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|Information technologies evolve, often at the expense of their
predecessors. While adopting a new technology may not sound a death knell
for existing means of spreading information, older mechanisms will often
need fill a different niche in the information market to remain viable.
So goes one underlying theme in Paul Levinson's The Soft Edge. Levinson, a professor of Communications at Hofstra University and founder of Connected Education (which teaches graduate courses over the Internet), traces the development of information technologies from the earliest cave drawings to computers while noting each scheme's impact on society. The author takes a path that's at once rambling and well-planned; each chapter is centered on a particular technology, but Levinson effectively includes elements from other chapters (even those physically following the discussion in question) in a manner occasionally approximating a hypertext piece. Levinson and his editor, Adrian Driscoll, are to be commended for producing a satisfyingly readable book.
One aspect of successful information representation schemes identified in The Soft Edge is that successful technologies are often more abstract than their predecessors. The classic example is the superiority of the Phoenician (hence "phonetic") alphabet over Egyptian hieroglyphics. The latter scheme physically represented the pieces of a communication with seemingly innumerable sigils, while the former, due to its abstraction from the concepts or objects it comprehended, was made up of a relatively small number of rearrangeable atomic units. The most abstract representation scheme developed to date, Levinson notes, is the binary language of zeros and ones used in computers.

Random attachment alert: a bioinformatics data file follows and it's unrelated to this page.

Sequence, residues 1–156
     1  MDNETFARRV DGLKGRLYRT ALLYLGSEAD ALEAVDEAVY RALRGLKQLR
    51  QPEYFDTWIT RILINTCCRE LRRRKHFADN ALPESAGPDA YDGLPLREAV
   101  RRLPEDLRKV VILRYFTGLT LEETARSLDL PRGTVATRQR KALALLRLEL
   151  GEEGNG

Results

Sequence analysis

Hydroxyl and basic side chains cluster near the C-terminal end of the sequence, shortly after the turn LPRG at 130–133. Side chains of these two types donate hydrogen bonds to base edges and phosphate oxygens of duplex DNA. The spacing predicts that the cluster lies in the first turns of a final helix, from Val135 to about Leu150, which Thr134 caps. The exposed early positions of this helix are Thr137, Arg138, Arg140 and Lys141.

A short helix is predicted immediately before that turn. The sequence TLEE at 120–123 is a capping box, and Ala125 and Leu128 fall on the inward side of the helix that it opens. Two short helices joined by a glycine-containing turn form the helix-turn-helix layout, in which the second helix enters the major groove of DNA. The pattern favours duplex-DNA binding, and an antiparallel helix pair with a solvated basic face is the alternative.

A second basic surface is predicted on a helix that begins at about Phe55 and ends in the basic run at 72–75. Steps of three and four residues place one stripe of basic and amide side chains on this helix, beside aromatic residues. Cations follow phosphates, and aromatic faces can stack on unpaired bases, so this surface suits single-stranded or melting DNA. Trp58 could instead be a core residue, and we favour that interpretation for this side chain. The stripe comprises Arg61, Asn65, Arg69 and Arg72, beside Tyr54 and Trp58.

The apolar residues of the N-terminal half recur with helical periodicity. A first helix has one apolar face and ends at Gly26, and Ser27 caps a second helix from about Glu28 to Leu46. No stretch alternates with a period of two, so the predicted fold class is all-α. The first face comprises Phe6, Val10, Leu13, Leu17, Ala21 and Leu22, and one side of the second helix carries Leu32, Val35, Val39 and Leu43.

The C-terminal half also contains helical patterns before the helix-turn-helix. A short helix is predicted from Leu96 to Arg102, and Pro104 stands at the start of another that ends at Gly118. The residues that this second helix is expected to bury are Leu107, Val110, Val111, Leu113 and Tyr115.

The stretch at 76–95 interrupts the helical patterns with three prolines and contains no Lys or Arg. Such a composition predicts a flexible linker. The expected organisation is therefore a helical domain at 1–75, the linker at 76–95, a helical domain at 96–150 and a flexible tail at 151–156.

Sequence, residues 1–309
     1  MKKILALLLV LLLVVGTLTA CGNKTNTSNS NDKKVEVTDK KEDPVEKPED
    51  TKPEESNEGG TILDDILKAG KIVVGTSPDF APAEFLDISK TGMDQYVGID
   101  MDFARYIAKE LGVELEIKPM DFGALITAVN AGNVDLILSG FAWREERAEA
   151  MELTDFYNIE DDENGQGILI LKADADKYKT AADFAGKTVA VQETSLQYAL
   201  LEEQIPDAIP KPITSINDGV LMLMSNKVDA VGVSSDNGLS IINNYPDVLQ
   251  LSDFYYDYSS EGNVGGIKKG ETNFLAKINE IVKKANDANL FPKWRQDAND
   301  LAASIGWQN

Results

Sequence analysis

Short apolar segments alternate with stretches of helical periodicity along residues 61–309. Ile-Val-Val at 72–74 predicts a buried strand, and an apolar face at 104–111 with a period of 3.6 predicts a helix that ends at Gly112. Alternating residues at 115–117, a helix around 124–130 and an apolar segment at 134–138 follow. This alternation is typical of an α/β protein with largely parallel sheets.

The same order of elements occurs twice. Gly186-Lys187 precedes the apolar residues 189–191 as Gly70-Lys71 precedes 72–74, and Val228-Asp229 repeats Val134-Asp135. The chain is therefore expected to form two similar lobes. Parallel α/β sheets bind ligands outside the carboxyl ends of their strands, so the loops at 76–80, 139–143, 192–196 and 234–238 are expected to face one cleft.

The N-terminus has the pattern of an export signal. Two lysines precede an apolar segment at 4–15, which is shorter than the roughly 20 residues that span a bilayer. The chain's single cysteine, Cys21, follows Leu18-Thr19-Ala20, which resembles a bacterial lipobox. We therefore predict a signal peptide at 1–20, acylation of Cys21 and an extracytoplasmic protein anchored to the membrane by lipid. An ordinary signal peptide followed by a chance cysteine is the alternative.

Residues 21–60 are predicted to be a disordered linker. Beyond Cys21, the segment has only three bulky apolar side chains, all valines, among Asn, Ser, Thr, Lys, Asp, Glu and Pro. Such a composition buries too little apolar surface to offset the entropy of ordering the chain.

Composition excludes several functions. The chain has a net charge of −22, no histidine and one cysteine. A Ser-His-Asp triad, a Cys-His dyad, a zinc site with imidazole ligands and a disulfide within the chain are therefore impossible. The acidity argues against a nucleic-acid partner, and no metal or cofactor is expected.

In the body of the book, the author similarly analyzes the impact of inventions like the printing press, the electric light, telegraph, telephone, radio, television, and computers. Some of the most interesting bits are when Levinson takes on the claims of media critics like Neil Postman (author of Technopoly and Amusing Ourselves to Death, among others) and Marshal McLuhan. Levinson takes particular care to debunk Postman's claim that the computer is simply an extension of the television screen, arguing that the computer's interactivity and legacy as a text-based information conduit distinguish it from television. What the author doesn't discuss is the recent push to combine the television and computer into a single device, such as through WebTV's Internet service or planned products from Microsoft. Not considering these developments doesn't kill the book, but it does leave a hole I hope Levinson fills in his subsequent work.
The last part of The Soft Edge looks at intellectual property and a proposal to ensure right-holders are remunerated for their efforts. The skeleton of the plan is reminiscent of the approach Brad Cox sets out in Superdistribution, but the concept is not fleshed out in enough detail here to critique meaningfully.
The Soft Edge is a wonderful book, both as a historical survey of how information technologies have evolved and as a critique of how some media critics have portrayed computers and the Internet. Though Levinson's analysis of some important contemporary issues is incomplete, his grasp of history and how information technologies interrelate leaves nothing to be desired.
Curtis D. Frye (email@example.com) is the editor and chief reviewer of Technology and Society Book Reviews. He worked for four years as a defense industry analyst at The MITRE Corporation in McLean, VA, and is the author of Privacy-Enhanced Business, from Quorum Books.